A model based on social accounting techniques is used to quantify the relative importance of traditional and nontraditional elements of the economic base of rural areas. Empirical analysis is focused on the Western Isles, Scotland. The results highlight the importance of central government funding of public services. They also indicate that exogenous transfers of income direct to households support 8% of jobs and 7% of factor earnings in the region. It is argued that, in addition to industry structure and input-output linkages, rural economic-base multipliers depend on the demographic profile of the local population and the extent of interdependencies between local production and consumption.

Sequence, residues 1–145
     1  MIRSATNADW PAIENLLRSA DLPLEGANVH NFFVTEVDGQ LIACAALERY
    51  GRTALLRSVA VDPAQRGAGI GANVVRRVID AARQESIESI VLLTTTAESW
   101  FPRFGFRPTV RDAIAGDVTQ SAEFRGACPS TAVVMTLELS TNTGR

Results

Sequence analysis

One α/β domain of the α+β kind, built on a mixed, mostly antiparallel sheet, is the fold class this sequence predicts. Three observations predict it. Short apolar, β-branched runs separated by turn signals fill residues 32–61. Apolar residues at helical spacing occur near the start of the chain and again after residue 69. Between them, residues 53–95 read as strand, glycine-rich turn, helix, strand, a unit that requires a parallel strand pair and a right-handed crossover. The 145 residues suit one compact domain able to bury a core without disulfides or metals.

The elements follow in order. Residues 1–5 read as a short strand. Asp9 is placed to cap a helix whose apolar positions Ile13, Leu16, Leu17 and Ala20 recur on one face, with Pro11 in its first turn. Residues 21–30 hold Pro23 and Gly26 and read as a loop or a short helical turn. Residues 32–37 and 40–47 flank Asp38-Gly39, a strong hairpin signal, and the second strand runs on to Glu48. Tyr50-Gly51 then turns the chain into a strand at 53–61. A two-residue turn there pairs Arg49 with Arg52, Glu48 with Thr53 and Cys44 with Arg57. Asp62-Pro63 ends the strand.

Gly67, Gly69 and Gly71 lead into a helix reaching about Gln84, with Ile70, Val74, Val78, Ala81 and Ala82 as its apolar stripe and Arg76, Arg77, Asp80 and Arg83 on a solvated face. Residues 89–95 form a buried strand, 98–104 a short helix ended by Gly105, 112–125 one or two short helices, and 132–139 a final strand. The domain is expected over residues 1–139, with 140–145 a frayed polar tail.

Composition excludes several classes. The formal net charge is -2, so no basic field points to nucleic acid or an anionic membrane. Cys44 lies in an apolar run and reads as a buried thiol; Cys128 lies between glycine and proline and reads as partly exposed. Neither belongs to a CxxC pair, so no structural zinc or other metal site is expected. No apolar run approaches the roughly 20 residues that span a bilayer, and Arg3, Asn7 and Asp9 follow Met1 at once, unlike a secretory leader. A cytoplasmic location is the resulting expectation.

- small communities